Beer Recipe: “Meiko” Belgian Pale Ale

About 10 batches ago, I brewed a beer modeled after Flying Dog’s “Raging Bitch” Belgian IPA, mostly following a recipe given on the Jamil Show podcast on The Brewing Network.  It turned out really well; friends claimed it was better than the commercial version, but I suspect they just wanted more free beer.  This summer I thought it would be nice to have an easier-drinking pale ale version.  Its named after our new cat, Meiko, who we got about the time this was bottled (and they are surprisingly similar in color).

Batch Size: 5 gal/ 18.9 L

8 lb/ 3.63 kg     2-row brewer’s malt (Briess)
1 lb/ 0.45 kg     Aromatic malt (Dingemans)
8 oz/ 227  g      Caramunich III (Weyermann)

1 oz/ 28 g            Ahtanum, 4.6%, 10 min, 6 IBU
1 oz/ 28 g            Columbus, 16.3%, 10 min, 21.1 IBU
Total IBU:           27.1 (Tinseth)

1 vial                     WLP400 Belgian Wit

1 tsp                  Hydrated irish moss (10 min)
1/2 tsp              Wyeast nutrient
30 sec              oxygen, 0.5 micron stone, 2 hours after pitching

Target CO2:     2.5 vol

OG:                    1.052 (73% mash eff; target 1.051, 72% eff)
FG:                    1.012 (77% apparent atten.)
ABV:                  5.75% after conditioning

Mash temp:          154.2F/ 67.9C (target 154F/ 67.8C)
Mash thickness: 1.5 qt/lb/ 3.13 L/kg
Single infusion mash, single (batch) sparge
Boil time:              60 min

Calculated Profile:

Calcium 47 Sulfate 109.2 Hardness 118
Magnesium 0.1 Chloride 66.4 Alkalinity 23
Sodium 73.8 Bicarbonate 37.3 RA -10

I was pretty happy with this water profile, save for the sodium content, which is just how my water is served up.  I adjusted the sulfate to chloride ratio for a crisper finish (higher sulfates), and used lactic acid to decrease the residual alkalinity.  I added the sparge calcium additions directly to the kettle instead of the sparge water.  This extra calcium is especially important for the flocculation of such a powdery yeast.  (See my water treatment post here.)

Fermentation Temperature: I pitched at 66.5F/19.2C.  Given that it was still pretty cool outside/ in my house, I probably could have started this one a bit warmer, as the ferment never got above 70F/ 21.1C.  With this yeast, a touch warmer would probably bring out a bit stronger of a flavor without any off flavors.

Tasting Notes:

meiko pale ale

“Meiko” Belgian Pale Ale

Appearance: nearly sparkling pale slightly-orange brown if poured without the last eighth or so of the bottle, otherwise some haze from the leftover powdery yeast; pours with a bit of light head, dissipating over about a minute

Aroma: light citrus hops blending with the wit aroma of the yeast

Taste: Just like the aroma but better.  There’s very little actual bitterness, but a fair bit of hop flavor- something closer to a lemony citrus instead of the usual grapefruit.  This limited bitteringproviding just the right amount of balance to the beeris a result of adding all hops at the 10 minute mark, a favorite technique of mine.  The hops interplay wonderfully with the wit character of the yeast; WLP400 is a yeast I will go back to again and again.  Both the hop and yeast flavors linger for quite some time after drinking, but not in a cloying way.  The malt flavor, while not center stage, is well rounded from the aromatic malt (yet another new favorite ingredient of mine) with just a hint sweet from the caramunich malt.  I actually prefer the taste with the extra yeast that pours out with the beer (without swirling the bottle to get all of it); it seems to just be missing something by comparison without it.  [2013.07.30 UPDATE: The hops really dropped out of this beer after 2 months or so, to the point where its a bit too sweet.  I might move some of the hops back to 30 or 20 minutes next time to combat this.]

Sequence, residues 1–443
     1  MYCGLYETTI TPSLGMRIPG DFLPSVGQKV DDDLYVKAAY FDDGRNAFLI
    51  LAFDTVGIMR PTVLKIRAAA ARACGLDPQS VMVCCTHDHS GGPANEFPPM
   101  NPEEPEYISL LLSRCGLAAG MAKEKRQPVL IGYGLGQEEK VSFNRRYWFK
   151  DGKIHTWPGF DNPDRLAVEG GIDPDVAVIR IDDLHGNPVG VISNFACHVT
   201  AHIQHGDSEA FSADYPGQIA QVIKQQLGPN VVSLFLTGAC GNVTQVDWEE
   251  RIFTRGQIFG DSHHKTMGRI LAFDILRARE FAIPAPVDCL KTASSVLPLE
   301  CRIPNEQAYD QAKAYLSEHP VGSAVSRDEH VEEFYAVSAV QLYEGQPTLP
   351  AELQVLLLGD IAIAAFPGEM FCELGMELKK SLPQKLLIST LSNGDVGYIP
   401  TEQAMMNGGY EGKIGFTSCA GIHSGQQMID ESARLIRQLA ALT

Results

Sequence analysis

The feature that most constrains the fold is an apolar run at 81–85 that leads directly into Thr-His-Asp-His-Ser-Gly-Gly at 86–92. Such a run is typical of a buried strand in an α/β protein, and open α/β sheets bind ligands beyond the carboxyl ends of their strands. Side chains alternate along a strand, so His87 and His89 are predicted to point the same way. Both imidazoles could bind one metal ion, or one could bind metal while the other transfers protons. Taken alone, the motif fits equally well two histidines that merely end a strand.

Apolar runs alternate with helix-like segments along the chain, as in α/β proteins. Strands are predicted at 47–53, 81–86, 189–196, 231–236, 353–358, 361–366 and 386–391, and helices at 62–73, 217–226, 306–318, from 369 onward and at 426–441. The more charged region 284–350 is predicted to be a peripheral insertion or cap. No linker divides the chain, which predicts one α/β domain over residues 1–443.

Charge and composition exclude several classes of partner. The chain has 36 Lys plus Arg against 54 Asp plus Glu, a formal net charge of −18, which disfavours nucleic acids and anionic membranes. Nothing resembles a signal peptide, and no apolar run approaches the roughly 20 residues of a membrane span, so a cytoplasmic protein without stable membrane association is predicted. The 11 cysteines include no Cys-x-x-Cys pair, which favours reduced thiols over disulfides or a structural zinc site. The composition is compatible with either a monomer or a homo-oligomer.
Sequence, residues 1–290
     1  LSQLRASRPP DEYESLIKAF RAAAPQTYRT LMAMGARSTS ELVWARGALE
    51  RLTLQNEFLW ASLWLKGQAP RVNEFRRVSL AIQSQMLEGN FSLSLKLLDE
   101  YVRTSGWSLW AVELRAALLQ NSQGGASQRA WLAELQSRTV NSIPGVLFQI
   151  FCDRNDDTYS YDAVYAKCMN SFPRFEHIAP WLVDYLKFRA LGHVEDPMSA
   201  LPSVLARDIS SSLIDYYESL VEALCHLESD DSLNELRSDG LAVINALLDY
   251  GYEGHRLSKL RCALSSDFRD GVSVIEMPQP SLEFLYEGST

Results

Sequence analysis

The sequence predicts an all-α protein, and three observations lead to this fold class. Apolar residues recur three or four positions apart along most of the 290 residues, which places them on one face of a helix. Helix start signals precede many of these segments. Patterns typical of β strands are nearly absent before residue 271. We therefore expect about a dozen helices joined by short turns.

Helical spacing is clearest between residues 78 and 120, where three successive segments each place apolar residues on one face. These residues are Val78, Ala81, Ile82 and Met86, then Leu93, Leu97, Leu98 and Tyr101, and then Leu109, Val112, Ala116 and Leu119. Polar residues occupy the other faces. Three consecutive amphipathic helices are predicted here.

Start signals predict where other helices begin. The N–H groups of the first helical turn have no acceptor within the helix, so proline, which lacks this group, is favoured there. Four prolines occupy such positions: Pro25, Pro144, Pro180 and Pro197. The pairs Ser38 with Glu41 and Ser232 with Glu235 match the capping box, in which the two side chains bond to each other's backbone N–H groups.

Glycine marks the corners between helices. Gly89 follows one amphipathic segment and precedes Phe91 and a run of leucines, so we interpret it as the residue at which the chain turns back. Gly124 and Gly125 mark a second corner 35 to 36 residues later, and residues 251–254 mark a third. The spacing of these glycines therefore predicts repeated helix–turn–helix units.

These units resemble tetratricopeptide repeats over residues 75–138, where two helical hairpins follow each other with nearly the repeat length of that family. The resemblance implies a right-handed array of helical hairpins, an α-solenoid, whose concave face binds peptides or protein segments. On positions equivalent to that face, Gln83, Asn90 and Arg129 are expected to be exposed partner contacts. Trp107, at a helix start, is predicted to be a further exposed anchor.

Mouthfeel: a bit on the watery end of the spectrum, but in a good, refreshing way; medium-high carbonation seems about right for this beer

Overall: This beer turned out to be a fantastic summer quencher.  Its light and crisp enough to go down easy, but not lacking in flavor.  Hops can sometimes be tricky to pair with Belgian yeasts, but I knew this combination worked from a previous brew; it did not disappoint in this formulation.  I’ll soon be using this recipe as a first-brew brewing lesson for some friends of mine who are looking to get into brewing and enjoyed this beer.  When people compliment my brews, I usually assume they are simply angling for more free beer, but I suppose they must have truly enjoyed it if they want to make more for themselves.  I honestly can’t think of anything I would change about this beer, except maybe a bit higher hopping rate (still all at 10 minutes), though that might throw off the balance.

– Dennis,
Life, Fermented


About Dennis
Home brewer, home chef, garage tinkerer. Author of Life Fermented blog.

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